May 9, 2008

Who will write the next DSM?

Would you believe: Pfizer, Eli Lilly, Wyeth, Merck, AstraZeneca and Bristol-Myers Squibb?

Or, at least, those are some of the BigPharma corporations with whom members of the task force charged with creating the 5th Edition of the American Psychiatric Association's Diagnostic and Statistical Manual of Mental Disorders have contracts.

It shouldn't come as a surprise. But it ought to alarm the public, given BigPharma's enormous and growing influence in so many spheres of public life all around the world.

More than half of the experts involved in the previous edition of the psychiatric bible also had monetary relationships with drug makers, according to a Tufts University study. The percentage was up to 100 percent for experts working on certain severe mental illnesses, such as schizophrenia. (The New York Times story on that 2006 research is here.)

A just-published book, The Medicalization of Society: On the Transformation of Human Conditions into Treatable Disorders, has more on this construction of difference as illness. Trends that author Peter Conrad notes include the medicalization of "male" problems such as baldness and sexual impotence, and the pathologizing of children's behavior and appearance (short kids now have idiopathic short stature which requires synthetic human growth hormone).

Another new book, The Rise of Viagra, further documents the pathologizing of sexual variation, including an effort by BigPharma's spin doctors to create public hysteria and a new market for medicines to treat Female Sexual Dysfunction."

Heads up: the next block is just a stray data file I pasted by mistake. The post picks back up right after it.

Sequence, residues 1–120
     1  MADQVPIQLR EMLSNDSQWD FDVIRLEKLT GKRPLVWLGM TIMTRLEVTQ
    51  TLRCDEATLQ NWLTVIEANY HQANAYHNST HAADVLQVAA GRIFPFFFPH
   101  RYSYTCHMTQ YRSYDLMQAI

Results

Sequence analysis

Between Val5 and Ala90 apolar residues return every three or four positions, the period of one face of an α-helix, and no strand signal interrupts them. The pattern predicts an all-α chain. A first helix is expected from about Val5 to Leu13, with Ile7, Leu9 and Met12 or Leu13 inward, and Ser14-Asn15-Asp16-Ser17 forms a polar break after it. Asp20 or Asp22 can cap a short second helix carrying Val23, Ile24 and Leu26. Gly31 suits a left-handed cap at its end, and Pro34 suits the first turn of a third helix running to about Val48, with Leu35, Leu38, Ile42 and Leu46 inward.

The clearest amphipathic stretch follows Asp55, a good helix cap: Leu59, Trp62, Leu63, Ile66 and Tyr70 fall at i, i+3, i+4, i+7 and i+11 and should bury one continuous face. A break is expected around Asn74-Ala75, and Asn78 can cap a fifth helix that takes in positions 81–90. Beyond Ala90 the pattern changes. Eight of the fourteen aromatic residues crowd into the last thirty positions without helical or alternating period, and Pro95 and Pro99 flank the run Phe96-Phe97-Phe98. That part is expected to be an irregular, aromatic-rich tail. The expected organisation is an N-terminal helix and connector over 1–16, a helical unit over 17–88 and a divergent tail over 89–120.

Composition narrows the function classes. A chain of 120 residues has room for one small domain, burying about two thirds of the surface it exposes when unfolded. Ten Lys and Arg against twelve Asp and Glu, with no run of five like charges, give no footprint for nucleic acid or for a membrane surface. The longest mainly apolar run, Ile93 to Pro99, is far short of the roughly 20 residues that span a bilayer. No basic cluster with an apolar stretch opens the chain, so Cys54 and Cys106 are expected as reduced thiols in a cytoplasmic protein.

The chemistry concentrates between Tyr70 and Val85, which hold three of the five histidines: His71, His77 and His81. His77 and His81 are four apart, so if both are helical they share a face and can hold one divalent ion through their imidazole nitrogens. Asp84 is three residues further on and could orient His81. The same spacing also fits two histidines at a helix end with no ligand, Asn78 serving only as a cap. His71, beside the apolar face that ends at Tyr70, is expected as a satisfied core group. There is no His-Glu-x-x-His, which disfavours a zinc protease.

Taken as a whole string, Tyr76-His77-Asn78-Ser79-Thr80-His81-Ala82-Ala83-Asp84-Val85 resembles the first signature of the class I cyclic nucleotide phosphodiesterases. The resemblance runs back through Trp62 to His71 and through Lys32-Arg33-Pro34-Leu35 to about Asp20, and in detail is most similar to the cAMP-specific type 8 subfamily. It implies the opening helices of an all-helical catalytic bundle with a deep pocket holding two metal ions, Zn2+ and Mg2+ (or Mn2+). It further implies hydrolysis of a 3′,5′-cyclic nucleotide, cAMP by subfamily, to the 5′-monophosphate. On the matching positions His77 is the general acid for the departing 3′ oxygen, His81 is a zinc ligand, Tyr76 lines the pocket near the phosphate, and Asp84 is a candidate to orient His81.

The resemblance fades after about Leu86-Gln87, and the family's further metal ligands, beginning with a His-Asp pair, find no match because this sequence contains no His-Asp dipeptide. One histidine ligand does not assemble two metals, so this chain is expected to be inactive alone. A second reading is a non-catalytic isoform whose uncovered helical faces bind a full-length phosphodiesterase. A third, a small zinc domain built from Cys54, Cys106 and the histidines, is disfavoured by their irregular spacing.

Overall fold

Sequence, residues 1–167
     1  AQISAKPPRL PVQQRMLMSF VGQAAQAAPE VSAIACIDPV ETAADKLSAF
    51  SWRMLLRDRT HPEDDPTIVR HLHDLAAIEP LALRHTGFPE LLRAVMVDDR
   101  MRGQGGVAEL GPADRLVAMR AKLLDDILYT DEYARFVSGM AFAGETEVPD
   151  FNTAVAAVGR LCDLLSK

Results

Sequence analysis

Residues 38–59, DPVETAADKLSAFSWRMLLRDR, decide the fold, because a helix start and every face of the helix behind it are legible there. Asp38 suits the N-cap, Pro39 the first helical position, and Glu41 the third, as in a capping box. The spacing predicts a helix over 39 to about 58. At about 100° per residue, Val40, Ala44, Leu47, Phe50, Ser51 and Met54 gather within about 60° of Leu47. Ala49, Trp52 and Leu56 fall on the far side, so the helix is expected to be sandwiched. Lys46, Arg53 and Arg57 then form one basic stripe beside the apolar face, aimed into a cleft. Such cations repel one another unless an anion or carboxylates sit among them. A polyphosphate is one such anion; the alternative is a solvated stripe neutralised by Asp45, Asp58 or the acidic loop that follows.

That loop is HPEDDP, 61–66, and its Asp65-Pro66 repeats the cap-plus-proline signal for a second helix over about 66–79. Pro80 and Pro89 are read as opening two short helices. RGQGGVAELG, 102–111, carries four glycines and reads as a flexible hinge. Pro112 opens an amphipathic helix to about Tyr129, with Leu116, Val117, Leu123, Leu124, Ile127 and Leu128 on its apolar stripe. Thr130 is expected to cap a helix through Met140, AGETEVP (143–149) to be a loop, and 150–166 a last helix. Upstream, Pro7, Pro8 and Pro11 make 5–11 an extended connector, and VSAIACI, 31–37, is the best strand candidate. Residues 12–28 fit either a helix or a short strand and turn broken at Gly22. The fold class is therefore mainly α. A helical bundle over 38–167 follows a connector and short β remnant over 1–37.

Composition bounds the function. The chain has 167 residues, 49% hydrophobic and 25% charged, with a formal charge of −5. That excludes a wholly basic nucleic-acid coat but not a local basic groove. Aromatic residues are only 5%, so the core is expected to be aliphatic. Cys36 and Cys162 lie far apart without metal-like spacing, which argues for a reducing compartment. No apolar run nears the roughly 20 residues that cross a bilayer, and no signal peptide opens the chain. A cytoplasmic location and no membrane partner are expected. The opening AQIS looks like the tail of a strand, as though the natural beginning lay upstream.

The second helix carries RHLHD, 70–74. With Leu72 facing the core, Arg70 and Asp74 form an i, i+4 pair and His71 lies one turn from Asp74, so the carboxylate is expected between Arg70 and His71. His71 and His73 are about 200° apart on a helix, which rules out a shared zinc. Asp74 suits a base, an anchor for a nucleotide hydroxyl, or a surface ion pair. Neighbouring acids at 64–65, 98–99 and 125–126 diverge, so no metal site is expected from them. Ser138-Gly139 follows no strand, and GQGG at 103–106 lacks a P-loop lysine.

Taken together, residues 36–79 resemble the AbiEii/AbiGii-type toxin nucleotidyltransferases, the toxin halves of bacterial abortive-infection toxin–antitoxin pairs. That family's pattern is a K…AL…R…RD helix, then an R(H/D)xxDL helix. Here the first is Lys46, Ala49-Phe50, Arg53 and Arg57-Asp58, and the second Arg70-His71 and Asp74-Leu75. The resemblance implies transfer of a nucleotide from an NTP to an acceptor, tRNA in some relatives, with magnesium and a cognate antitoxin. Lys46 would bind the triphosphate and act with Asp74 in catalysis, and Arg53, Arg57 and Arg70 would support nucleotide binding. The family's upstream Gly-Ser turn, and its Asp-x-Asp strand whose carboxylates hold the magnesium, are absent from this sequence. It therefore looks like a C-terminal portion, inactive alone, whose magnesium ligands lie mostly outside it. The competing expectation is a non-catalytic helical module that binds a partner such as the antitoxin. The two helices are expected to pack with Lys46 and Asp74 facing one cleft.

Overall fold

Meanwhile, as I've blogged about elsewhere, the sex offender industry is lobbying for new diagnoses to medicalize illegal sexual conduct, including "hebephilia" for men who are sexually attracted to teens, and "Paraphilia Not Otherwise Specified-Nonconsent" for men who rape.

Look for all these, and more, as possible candidates for the new and expanded DSM-V. Each edition of the DSM contains more diagnoses than its predecessor, and each diagnosis is supposedly treatable with meds. DSM-I (1952) listed 106 mental disorders, DSM-II (1968) had 185, DSM-III (1980) had 265, and DSM-IV (1994) has 357. That's an average of about 84 new diagnoses per edition, so the DSM-V should have 440 or more diagnoses.

Hopefully, this week's blog post by New York Times health writer Tara Parker-Pope about the conflict of interest signals that the public will be kept informed.

The consumer watchdog group Integrity in Science, a project of the Center for Science in the Public Interest, is also following the scent of money. See my Amazon book list, Critical Perspectives on Psychiatry, for other books on the DSM and the construction of illness.

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